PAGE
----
In the 1880s, the German biologist August Weismann (1834–1914) formulated the germ-plasm theory of inheritance. Weis-mann reasoned that reproductive cells (germ cells) were separate from the functional body cells (soma or somatic cells). Therefore, changes to the soma would not affect the germ-plasm and would not be passed on to the offspring. In order to prove that the disuse or loss of somatic structures would not affect the subsequent offspring, Weismann removed the tails of mice and then allowed them to breed. After twenty generations of this experimental protocol, he found that mice still grew tails of the same length as those who had never been manipulated. This not only disproved Lamarck’s theory of use and disuse, it also increased understanding of the new field of genetics.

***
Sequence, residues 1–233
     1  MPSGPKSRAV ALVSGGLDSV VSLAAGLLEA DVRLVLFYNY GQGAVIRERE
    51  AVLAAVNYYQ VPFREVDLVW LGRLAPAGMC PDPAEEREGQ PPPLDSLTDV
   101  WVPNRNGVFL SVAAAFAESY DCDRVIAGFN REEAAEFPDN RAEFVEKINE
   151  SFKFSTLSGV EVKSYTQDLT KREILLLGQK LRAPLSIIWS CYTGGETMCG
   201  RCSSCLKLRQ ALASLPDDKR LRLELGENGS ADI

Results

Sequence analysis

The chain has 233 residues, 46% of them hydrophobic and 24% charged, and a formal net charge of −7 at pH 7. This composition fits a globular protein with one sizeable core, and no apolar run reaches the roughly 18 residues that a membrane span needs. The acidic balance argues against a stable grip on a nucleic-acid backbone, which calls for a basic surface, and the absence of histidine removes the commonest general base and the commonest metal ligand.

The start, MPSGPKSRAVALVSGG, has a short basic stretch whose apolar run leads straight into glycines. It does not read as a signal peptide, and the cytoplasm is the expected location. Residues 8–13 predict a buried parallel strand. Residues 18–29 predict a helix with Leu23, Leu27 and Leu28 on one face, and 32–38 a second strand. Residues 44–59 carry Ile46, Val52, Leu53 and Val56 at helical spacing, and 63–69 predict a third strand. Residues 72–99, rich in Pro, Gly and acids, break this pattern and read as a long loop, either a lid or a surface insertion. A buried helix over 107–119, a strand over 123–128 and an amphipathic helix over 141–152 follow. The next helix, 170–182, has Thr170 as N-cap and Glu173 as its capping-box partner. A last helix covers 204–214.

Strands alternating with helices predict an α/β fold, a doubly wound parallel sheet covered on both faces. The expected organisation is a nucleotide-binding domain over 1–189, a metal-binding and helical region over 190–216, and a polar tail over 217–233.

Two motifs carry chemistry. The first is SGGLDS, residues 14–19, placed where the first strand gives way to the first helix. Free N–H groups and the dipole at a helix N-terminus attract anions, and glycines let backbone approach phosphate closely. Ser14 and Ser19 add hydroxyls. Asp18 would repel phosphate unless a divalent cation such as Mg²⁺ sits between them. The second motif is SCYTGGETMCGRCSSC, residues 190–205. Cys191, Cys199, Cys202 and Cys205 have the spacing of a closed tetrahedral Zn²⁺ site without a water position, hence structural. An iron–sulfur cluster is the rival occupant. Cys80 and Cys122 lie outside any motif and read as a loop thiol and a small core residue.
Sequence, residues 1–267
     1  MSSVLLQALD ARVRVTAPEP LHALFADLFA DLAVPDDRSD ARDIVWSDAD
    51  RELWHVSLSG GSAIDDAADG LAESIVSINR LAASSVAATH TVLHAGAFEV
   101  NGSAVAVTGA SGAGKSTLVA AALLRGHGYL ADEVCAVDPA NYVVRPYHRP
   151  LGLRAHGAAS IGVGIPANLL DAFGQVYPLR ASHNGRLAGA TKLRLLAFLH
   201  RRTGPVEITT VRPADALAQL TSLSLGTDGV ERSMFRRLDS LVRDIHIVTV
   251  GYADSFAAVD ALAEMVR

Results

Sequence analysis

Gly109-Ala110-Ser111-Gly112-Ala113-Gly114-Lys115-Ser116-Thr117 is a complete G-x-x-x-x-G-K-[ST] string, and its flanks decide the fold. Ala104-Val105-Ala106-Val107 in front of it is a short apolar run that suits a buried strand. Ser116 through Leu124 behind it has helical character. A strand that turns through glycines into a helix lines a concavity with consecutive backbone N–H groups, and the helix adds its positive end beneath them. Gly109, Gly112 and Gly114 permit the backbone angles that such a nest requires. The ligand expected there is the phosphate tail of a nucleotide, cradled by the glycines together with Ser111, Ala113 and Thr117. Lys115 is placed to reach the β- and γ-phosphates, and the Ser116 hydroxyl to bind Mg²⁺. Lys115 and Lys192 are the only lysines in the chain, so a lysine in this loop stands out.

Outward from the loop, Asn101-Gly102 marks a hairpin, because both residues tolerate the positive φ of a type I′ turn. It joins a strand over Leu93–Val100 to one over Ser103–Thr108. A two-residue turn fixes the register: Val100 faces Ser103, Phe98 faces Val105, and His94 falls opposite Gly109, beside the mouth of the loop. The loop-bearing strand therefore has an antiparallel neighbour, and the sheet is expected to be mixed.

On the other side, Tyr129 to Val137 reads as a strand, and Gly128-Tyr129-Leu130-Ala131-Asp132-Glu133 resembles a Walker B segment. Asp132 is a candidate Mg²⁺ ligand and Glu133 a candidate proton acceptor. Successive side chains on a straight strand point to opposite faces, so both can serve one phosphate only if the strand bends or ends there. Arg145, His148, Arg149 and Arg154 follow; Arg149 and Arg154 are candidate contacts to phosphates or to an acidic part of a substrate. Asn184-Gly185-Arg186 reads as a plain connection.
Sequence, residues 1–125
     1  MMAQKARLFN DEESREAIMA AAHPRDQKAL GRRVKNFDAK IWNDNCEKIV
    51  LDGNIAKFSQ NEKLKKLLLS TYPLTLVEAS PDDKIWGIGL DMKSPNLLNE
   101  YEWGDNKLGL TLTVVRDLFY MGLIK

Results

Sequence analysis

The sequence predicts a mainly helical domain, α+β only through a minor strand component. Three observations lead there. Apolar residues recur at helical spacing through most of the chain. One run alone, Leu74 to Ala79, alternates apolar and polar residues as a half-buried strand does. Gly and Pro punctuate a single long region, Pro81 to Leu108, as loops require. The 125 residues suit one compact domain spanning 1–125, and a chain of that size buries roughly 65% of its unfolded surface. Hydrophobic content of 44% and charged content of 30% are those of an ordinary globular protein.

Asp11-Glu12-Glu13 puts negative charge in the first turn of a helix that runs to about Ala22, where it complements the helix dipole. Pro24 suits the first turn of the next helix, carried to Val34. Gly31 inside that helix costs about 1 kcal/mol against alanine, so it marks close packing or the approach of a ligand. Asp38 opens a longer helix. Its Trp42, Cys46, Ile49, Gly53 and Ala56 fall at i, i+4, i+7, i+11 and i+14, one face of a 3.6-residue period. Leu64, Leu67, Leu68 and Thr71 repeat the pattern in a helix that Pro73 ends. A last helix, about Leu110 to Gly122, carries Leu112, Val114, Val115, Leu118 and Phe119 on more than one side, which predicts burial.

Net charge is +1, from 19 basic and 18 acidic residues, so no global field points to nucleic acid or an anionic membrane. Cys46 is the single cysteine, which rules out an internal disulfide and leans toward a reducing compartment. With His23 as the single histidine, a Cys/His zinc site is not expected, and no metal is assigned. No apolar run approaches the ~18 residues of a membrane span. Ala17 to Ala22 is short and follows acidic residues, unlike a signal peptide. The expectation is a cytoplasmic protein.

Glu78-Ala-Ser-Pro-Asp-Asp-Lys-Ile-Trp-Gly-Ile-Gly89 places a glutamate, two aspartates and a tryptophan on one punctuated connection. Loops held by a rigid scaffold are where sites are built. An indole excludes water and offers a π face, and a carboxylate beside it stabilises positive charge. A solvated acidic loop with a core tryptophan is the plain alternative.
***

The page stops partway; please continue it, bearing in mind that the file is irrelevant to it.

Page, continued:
A bronze statue of French biologist Jean-Baptiste de Lamarck can be seen at the Jardin des Plantes botanical garden in Paris, France.